There's no doubt that the millions of dollars that will be spent building a new baseball stadium could be better spent elsewhere, but in the first place, you know they won't, really, and in the second place, of all the sports teams in St. Louis, the Cardinals are first in our hearts and minds -- which means that when it comes time to do what they want, they've got us by the balls. This little anatomy lesson is brought to you because you already know how this story ends. In just about any city you can name, a baseball team asks for a new stadium and they get one, or else the team starts checking the price of one-way flights out of town. Hell, if Pittsburgh
-- where the attendance for baseball sometimes hovers in the mid-four figures -- finds it necessary to build a new stadium, you know it's probably time for us to cough it up for one, too. Call this the Bobby Knight "just lie back and enjoy it" strategy. If we just get it over with, we get a nice new stadium, where Jim Edmonds, Fernando Tatis, J.D. Drew and, God willing, Mark McGwire will frolic for years to come. But the best thing about swallowing hard and doing this thing now is that we won't have to listen to people argue about it for the next 10 years.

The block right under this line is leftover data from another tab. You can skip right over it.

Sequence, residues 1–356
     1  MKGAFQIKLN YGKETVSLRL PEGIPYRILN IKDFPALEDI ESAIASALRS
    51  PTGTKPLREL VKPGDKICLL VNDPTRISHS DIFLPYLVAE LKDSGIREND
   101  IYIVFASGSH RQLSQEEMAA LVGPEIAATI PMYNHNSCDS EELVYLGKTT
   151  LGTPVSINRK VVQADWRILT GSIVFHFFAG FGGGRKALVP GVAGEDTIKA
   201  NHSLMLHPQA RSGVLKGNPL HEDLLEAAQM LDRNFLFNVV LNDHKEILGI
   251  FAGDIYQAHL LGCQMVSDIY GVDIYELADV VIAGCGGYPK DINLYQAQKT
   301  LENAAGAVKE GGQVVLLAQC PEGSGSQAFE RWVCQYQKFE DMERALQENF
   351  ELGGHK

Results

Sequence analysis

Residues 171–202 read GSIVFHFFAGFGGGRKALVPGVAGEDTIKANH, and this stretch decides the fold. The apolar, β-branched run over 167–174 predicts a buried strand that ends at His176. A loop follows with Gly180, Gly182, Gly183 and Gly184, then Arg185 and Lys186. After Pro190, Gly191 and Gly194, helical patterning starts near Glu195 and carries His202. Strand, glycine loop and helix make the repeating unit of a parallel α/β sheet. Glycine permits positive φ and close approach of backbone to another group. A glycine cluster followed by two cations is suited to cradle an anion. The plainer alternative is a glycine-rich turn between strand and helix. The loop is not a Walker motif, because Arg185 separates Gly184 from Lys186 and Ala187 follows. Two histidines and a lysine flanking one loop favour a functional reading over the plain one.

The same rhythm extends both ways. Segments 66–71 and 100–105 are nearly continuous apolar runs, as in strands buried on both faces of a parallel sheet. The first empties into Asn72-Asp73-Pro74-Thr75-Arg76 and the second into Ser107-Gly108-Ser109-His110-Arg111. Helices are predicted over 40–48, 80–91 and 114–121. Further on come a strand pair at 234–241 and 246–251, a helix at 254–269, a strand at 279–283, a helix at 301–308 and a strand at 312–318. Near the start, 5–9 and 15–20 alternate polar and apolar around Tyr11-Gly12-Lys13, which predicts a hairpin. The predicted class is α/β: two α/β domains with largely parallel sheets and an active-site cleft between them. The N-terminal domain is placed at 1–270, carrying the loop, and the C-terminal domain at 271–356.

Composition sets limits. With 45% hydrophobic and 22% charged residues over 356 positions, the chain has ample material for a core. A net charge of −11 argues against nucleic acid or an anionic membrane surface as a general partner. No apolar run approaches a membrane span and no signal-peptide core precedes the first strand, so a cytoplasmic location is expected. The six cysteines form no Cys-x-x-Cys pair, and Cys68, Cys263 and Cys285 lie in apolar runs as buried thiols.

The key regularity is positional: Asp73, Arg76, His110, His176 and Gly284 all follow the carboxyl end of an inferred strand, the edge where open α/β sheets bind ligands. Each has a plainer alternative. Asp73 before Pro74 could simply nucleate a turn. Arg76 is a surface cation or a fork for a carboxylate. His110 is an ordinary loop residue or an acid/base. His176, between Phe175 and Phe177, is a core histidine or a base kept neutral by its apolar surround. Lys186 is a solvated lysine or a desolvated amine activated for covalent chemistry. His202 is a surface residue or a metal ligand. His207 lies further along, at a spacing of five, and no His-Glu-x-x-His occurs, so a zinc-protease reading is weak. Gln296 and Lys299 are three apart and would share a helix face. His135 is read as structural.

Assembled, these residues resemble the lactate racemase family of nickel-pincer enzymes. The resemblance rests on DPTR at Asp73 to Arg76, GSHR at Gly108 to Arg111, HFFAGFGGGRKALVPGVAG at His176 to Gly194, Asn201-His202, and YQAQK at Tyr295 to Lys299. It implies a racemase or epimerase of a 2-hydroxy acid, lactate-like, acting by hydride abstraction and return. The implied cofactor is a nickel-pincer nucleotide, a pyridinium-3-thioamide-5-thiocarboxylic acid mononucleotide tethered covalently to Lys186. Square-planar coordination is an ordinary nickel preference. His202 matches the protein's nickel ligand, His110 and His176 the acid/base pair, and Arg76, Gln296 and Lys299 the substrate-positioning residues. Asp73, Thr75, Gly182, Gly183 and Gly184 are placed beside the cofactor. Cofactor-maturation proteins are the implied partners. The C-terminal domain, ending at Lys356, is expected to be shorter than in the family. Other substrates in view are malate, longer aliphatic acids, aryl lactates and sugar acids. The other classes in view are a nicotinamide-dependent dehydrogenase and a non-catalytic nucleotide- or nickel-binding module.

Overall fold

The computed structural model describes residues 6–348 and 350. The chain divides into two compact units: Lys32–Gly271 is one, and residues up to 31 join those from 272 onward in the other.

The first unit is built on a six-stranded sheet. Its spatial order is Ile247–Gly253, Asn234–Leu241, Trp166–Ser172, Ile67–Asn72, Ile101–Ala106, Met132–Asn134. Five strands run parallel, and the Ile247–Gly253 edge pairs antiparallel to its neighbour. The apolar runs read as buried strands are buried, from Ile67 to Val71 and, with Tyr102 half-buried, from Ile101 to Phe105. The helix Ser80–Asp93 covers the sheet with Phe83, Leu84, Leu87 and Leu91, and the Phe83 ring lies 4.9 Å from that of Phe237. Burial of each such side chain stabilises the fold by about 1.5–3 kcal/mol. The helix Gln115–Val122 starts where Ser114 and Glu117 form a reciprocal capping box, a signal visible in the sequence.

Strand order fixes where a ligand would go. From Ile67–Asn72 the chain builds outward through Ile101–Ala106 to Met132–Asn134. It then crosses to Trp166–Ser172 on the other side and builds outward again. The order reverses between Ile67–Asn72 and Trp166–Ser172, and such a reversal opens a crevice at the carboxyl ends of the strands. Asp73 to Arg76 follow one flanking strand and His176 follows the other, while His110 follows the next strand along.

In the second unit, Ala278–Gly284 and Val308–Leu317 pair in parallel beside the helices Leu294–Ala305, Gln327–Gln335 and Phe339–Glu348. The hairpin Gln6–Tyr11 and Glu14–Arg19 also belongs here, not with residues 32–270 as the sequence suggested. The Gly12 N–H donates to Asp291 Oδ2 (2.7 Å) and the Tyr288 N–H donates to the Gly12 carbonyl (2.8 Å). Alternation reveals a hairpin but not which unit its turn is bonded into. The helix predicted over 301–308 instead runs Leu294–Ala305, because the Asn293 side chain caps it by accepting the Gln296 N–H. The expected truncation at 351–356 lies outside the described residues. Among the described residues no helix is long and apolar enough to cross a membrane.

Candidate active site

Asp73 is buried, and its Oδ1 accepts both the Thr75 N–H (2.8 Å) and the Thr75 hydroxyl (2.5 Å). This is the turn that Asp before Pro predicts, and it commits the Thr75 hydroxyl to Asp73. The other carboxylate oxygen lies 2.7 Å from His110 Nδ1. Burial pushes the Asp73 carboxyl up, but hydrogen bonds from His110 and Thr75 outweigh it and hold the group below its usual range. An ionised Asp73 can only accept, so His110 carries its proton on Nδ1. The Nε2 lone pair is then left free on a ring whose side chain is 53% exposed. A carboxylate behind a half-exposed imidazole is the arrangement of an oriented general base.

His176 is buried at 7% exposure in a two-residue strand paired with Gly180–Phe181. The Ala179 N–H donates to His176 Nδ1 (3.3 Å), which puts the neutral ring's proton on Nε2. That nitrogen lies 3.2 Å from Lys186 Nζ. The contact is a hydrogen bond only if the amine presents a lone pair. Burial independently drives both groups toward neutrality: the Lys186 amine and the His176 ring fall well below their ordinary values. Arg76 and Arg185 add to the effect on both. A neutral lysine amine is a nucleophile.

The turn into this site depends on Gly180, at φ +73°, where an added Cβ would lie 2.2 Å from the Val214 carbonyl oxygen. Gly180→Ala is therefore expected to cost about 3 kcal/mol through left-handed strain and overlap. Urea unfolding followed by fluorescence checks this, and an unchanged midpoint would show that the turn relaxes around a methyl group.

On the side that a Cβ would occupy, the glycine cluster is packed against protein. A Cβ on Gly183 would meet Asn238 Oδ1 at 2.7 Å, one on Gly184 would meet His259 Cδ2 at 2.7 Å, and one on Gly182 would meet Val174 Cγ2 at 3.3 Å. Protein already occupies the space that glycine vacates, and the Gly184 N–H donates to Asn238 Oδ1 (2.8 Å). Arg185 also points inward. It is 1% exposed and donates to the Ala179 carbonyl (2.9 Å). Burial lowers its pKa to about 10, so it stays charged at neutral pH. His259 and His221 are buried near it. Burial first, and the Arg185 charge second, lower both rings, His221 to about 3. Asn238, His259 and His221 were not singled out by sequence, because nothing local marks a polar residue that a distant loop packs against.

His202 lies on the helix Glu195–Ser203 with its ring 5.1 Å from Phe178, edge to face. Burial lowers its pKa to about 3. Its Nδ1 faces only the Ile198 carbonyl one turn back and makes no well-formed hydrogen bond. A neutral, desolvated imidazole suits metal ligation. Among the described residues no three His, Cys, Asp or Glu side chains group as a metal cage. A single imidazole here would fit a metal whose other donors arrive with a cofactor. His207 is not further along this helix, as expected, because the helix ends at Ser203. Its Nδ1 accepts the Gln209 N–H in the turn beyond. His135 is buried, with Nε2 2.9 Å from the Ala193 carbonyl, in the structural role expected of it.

In addition to simple pragmatism, there are aesthetic reasons to replace Busch. When the stadium was built, the technology of steel and concrete had just arrived at the point where we could build baseball parks that didn't have those damn-fool girders in front of every 10th seat, like Sportsman's Park had. The cost of that was that the seats had to be "raked" very shallowly. That is, the seats in Busch, especially the higher ones, are very far from the field, because the technology of the day couldn't put them any closer without putting girders out there. Well, the technology has changed, and the newest ballparks are able to do away with the girders without making the general-admission spectators feel like they're watching very small TVs. This makes a big difference in how involved in the game those spectators feel, and that is a big part of the professional-sports experience. The ballparks of Busch's generation are the ones other cities are now replacing, for just that reason. We were one of the first to get rid of the girders; we don't want to be the last to let our fans see the action close up.
-- Daniel Durchholz and Brock J. Hanke